*Contributor: Meghan Vestal. Lesson ID: 11691*

"Triangles" are called that for a reason: They have three angles! They are named after the kinds of angles they have. Learn how to use a protractor through a video and games and a simple worksheet!

categories

subject

Math

learning style

Visual

personality style

Lion, Beaver

Grade Level

Intermediate (3-5)

Lesson Type

Dig Deeper

How do you measure the angles of a triangle?

In the previous **Related Lesson**, found in the right-hand sidebar, you learned that triangles can be classified by their sides.

Draw a picture of an *equilateral* triangle, an *isosceles* triangle, and a *scalene* triangle. Remember, triangles are made of three straight lines, so use a straight edge to draw your triangles. Then, show your teacher or parent your drawings and explain what makes each triangle equilateral, isosceles, or scalene.

You can classify a triangle by its sides, and you can also classify it by its *angles*.

You were able to determine what types of sides different triangles had by measuring the sides with a ruler. How do you think you measure the *angles* of a triangle so you can classify it by its angles?

To measure the angles of a triangle, you need a *protractor*. If you are uncertain how to use a protractor, watch the MashUp Math video, *How Do I Measure An Angle Using a Protractor? | 4th Grade Math*, or read the article Using a Protractor (Math is Fun). If you could use some practice with a protractor, make sure to look at the examples at the bottom of the Math is Fun page.

Knowing how to use a protractor is essential to classifying a triangle by its angles. Like triangles classified by their sides, there are three names given to triangles classified by their angles: *acute* triangle, obtuse triangle, and *right* triangle.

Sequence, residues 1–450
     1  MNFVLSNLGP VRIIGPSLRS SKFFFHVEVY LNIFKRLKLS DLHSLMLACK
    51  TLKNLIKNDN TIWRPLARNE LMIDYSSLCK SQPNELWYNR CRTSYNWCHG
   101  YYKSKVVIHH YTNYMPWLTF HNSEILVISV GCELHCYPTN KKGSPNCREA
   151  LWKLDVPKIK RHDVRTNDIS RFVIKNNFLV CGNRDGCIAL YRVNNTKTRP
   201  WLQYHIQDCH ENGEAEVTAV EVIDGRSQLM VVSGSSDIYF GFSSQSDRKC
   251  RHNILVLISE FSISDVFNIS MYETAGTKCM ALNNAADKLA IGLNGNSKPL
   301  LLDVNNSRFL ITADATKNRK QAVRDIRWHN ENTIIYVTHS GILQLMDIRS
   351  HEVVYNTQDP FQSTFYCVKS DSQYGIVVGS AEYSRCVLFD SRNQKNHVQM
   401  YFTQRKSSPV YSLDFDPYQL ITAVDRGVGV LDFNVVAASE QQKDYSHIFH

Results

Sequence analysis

The first type of triangle is an *acute* triangle. Before measuring the angles of the triangle below, tell your teacher or parent what you notice about the triangle's angles. Then, measure each angle to find out if your observations and predictions were correct.

Acute triangles are composed of all acute angles (angles that are less than 90 degrees). You should have noticed that the angles of this triangle are all less than 90 degrees. This triangle has angles that are the same, but this is not always the case with an acute triangle. Sometimes the angles will be different. The important thing to remember is that acute triangles have "all cute" little angles that measure less than 90 degrees.

The next type of triangle you need to know is an *obtuse* triangle. Based on what you already know about the term "obtuse," what do you think an obtuse triangle is? Use the triangle pictured below to help you develop a definition. Share your definition with your teacher or parent.

You should have said that obtuse triangles have one obtuse angle (an angle that is greater than 90 degrees) and two acute angles. Measure each of the angles of the triangle above. Does it have one obtuse angle?

The last name given to a triangle classified by its angles is a *right* triangle. Describe the angles on the triangle pictured below your teacher or parent.

This triangle has one right angle (an angle that measures exactly 90 degrees) and two acute angles. Measure each of the angles of the triangle. Show your teacher or parent which angle is a right angle.

Triangles can only ever have one side name and one angle name at a given time. Triangles can never fit the criteria for more than one side name or more than one angle name. Look at the triangle below. Tell your teacher or parent how you would classify it by both its sides and angles.

The triangle pictured above is both *scalene* and *obtuse*.

You now know the three ways to name triangles based on their angles. Tell your teacher or parent each of these names and describe each type of triangle. Then, move on to the *Got It?* section to practice identifying each type of triangle.

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